Three Libyan migrants who DID get into UK: Gaddafi henchmen found with £6bn laundered cash
A RING of Colonel Gaddafi’s former henchmen have been found living the high life in the UK after allegedly fleeing from Libya with millions of pounds after the dictator’s removal from power.
GETTY Colonel Gaddafi was ousted and killed in a NATO attack in 2011
General Ahmed Mahmoud Azwai, who was in charge of Gaddafi's missile stockpile, Brigadier Guima Elmaarfi - an army commander - and another unnamed military man were all found in Britain.
It is said the trio have been given permission to stay in the country - despite being accused of laundering money through British banks.
Azwai was found living in a wealthy part of Surrey, while Elmaarfi - who is suspected of escaping the country with a fortune of at least £14million after the fall of the dictator - was discovered living in a large house in south west London.
His son, who fled with him to Britain, was jailed two years ago for stabbing a teenager with a kitchen knife and carving his initial into the abdomen of a man who had been beaten unconscious.
A third man has also been tracked down, but a High Court gagging order prevents him from being named for legal reasons.
Libyan investigators claim the three former officials are among scores of regime figures suspected of hiding stolen assets worth a total of £5.81billion ($7.62bn) in the UK.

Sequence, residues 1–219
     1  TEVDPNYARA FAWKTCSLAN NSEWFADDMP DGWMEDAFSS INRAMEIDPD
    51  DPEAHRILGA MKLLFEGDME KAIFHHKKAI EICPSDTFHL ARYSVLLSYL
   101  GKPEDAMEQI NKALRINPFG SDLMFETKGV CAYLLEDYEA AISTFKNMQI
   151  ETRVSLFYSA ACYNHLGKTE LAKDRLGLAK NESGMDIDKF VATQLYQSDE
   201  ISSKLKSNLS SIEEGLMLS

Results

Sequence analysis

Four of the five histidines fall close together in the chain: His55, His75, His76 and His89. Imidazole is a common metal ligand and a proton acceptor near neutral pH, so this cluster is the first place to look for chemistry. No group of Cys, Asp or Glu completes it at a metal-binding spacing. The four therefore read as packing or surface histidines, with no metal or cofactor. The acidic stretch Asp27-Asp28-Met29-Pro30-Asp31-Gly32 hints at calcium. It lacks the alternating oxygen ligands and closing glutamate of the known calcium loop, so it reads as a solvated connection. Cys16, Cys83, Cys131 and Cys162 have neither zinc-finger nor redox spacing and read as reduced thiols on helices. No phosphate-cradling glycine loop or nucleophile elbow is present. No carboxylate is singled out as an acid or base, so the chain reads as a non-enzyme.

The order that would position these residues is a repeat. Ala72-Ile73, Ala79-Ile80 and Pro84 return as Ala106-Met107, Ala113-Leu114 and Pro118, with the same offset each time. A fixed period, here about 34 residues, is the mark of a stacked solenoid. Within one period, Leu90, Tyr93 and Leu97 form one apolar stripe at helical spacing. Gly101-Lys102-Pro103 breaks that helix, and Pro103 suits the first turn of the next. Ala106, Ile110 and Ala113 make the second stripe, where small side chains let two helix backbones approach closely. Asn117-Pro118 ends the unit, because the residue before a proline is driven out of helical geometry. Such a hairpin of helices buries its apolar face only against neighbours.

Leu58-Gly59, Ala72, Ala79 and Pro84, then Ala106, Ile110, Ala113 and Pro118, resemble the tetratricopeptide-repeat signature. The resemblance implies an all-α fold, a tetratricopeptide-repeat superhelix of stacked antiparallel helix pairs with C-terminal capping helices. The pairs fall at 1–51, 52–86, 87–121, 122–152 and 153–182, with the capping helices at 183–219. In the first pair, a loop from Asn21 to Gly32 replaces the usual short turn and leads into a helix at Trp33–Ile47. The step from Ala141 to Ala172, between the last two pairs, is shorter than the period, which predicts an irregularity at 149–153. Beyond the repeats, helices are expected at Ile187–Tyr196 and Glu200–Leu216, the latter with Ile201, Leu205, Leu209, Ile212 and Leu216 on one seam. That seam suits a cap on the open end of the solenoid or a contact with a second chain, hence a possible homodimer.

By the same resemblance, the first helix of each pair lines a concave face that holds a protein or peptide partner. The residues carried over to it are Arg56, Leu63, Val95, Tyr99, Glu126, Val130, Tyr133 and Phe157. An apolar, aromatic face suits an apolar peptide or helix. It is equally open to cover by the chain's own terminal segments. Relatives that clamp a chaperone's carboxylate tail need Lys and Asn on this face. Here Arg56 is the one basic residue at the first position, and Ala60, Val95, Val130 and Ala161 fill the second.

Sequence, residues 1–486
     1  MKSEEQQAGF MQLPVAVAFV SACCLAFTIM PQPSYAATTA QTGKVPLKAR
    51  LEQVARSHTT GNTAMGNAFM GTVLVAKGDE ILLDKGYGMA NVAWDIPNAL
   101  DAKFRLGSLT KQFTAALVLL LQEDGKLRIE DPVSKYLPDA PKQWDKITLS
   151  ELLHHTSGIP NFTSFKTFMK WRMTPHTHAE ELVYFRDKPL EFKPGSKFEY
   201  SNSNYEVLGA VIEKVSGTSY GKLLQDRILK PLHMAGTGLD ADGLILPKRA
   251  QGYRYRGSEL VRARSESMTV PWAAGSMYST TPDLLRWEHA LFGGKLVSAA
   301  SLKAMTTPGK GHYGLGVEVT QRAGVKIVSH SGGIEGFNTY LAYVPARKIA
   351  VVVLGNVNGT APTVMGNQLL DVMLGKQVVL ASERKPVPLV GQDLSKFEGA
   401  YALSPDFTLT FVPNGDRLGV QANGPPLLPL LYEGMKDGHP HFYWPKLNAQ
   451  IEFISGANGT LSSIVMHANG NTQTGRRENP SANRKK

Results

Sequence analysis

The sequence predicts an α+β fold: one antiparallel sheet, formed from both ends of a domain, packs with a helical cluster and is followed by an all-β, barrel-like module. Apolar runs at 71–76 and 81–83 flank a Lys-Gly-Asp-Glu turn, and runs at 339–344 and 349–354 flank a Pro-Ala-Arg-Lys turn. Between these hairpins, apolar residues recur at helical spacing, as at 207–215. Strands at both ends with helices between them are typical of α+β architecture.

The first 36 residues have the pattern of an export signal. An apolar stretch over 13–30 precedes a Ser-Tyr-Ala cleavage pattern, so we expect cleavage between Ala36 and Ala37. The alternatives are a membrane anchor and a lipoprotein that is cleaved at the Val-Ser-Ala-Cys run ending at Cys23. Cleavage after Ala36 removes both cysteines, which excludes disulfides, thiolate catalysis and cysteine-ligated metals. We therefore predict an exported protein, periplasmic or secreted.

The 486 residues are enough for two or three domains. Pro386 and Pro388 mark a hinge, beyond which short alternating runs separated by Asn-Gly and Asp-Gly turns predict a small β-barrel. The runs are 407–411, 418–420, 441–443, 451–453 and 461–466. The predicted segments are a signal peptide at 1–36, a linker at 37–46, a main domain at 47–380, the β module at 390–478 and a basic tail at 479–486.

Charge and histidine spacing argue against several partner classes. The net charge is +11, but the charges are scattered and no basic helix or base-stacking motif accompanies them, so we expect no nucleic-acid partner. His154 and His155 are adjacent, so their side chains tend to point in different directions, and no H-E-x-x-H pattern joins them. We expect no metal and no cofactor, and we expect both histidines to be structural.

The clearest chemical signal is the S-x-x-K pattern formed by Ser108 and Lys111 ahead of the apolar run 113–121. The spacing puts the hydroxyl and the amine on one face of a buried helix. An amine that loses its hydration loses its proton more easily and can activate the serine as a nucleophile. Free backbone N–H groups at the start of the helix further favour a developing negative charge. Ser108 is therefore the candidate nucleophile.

They say the British authorities have done nothing to help them investigate, instead allowing all three men to settle in Britain, and granting Elmaarfi and Azwai - who deny the allegations - political asylum.
In 2012, the Libyan Transitional Government wrote to Britain's Serious Organised Crime Agency asking for assistance in recovering money allegedly "obtained through corrupt or illegal means" by 240 former regime figures, which indulged the three men.
BUZZFEED Brigadier Guima Elmaarfi escaped Libya with an alleged £14million of state money
GETTY The three men are believed to have been former supporters of Gaddafi
The letter also warned some of the money had been hidden in the UK.
Now questions have been raised about the Government's repeated promises to get tough on money laundering, with David Cameron pledging to "send a clear message to the corrupt that there is no home for them here".
An National Crime Agency spokesman said: "The NCA works with UK and viable international partners to prevent corrupt individuals from successfully hiding illegally-acquired assets in the UK.
"We do not routinely confirm or deny specific operational activity, nor discuss the details of engagement with partners. However, this engagement is clearly going to be more difficult in areas of conflict or political instability."
Gaddafi's regime collapsed in October 2011 when he was hunted down and killed trying to flee the country.
Since NATO's intervention, Libya has descended into chaos with an economy in deep recession and oil revenues tumbling.
Three rival government factions are still struggling for control of a nation gripped by war.